Stonehenge should display fake human remains, druid says

Stonehenge English Heritage plans to display the remains at the new Stonehenge visitor centre

Related Stories

A druid leader is calling for fake, rather than real, human remains to be put on display at Stonehenge.

In an open letter, King Arthur Pendragon criticised English Heritage for the "macabre manner" it plans to display "ancestral remains".

In 2011, he lost a High Court bid to have bones, found in 2008, reburied.

English Heritage said the remains were not from the 2008 excavation and their "presentation, treatment and storage" would follow strict UK guidelines.

The cremated remains of more than 40 bodies, thought to be at least 5,000 years old, were removed from a burial site at the ancient stone circle five years ago.

Start Quote

[It provides] visitors with a direct connection to the people who lived and worked there”

End Quote English Heritage

According to Mr Pendragon, the bones were the remains of members of the "royal line" or "priest caste" who could have been the "founding fathers of this great nation".

"There are cremated remains and a full skeleton from one of the barrows, which they're planning to put on display," he said.

"This is not only out of step with the feelings of many of the peoples and groups that I represent but is surely against the driving cultural principles of a Unesco World Heritage Site."

The £27m scheme to build a new visitor centre and close the road alongside the ancient monument, is due to be completed by the end of the year.

Mr Pendragon said visitors would be "appalled" and unless "models and replicas" were used he could "not rule out non-violent direct action against the proposals".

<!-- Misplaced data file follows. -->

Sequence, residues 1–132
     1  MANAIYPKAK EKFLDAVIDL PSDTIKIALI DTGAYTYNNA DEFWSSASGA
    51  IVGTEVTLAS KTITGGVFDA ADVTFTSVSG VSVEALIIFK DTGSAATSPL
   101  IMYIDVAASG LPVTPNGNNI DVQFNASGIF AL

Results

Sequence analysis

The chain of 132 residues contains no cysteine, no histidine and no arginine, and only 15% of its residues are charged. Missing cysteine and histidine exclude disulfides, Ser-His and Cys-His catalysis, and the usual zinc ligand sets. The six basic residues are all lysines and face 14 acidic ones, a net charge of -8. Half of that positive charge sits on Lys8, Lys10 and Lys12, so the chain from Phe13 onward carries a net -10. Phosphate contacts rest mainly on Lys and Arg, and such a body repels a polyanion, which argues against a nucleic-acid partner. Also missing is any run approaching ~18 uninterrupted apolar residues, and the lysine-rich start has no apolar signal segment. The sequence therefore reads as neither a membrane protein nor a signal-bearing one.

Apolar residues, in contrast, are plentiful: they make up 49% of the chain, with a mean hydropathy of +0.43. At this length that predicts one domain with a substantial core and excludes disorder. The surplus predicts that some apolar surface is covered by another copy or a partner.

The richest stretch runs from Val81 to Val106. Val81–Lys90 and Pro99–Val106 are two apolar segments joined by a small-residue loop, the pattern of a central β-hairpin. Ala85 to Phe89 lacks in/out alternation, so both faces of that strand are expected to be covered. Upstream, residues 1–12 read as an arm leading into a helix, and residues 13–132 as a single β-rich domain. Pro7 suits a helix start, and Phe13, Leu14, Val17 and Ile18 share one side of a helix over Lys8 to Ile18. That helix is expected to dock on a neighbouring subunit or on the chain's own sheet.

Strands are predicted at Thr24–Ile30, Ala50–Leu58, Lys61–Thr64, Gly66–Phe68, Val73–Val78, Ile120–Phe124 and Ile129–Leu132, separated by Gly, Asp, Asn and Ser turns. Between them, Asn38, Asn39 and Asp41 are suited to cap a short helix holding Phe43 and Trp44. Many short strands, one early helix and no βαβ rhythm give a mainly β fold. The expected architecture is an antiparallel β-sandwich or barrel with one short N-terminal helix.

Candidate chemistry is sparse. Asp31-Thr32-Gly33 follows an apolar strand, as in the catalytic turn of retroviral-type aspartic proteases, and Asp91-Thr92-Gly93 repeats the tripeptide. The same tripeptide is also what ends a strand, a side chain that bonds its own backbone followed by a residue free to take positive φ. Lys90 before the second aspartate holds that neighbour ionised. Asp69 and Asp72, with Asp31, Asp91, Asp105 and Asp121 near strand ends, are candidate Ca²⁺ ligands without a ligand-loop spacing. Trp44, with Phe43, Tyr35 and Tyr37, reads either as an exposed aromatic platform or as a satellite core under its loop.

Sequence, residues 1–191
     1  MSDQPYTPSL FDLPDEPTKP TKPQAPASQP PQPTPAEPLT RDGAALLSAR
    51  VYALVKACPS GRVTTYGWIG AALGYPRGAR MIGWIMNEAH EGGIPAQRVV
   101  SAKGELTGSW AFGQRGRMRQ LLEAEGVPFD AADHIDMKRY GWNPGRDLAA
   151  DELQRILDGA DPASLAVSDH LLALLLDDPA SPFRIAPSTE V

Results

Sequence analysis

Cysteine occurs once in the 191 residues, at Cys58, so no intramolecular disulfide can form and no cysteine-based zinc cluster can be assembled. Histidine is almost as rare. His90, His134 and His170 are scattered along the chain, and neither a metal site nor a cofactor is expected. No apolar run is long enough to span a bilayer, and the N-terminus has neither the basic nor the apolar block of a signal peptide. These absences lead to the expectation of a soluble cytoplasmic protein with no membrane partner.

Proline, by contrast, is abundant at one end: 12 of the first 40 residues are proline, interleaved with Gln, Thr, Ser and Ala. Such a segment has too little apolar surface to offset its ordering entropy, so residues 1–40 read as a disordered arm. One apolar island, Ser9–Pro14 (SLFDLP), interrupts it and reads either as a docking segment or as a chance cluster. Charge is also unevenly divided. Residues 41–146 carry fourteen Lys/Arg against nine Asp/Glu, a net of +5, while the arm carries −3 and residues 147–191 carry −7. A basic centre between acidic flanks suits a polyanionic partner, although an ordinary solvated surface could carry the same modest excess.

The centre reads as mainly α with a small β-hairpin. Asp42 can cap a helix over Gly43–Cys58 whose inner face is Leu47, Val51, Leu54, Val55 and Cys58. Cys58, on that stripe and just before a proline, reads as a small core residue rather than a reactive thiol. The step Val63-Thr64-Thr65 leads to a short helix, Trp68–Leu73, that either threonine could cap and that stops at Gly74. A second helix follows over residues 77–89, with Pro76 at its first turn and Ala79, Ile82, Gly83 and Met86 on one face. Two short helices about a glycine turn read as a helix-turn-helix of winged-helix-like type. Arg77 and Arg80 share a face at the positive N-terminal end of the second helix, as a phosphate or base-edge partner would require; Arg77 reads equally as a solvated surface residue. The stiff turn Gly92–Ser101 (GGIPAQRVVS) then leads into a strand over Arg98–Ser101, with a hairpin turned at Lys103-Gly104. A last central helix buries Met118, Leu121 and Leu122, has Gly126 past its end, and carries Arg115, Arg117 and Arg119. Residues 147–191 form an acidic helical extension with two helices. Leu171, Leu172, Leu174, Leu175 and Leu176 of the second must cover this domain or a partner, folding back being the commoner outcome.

'Visitors expect remains'

But a spokeswoman for English Heritage said visitor research showed the "vast majority of museum visitors are comfortable with, and often expect to see, human remains".

"The remains of three human burials found in the landscape will be displayed with ample explanation along with archaeological objects, providing visitors with a direct connection to the people who lived and worked there," she said.

"As such, we believe they have a rightful place in the exhibition and their presentation, treatment and storage will follow strict guidelines set out by the UK government's Department of Culture, Media and Sport."

More on This Story

Related Stories

The BBC is not responsible for the content of external Internet sites

BBC Wiltshire

Weather

Swindon

19 °C 13 °C

Features & Analysis

Elsewhere on the BBC

  • GeoguessrWhere in the world?

    Think you’re a geography expert? Test your knowledge with BBC Travel’s Geoguessr

Programmes

  • Click reporter Jen Copestake looks at a smart mirrorClick Watch

    From the mirror offering beauty advice to next gen robot vacuums - the connected home of the future

BBC © 2014 The BBC is not responsible for the content of external sites. Read more.

This page is best viewed in an up-to-date web browser with style sheets (CSS) enabled. While you will be able to view the content of this page in your current browser, you will not be able to get the full visual experience. Please consider upgrading your browser software or enabling style sheets (CSS) if you are able to do so.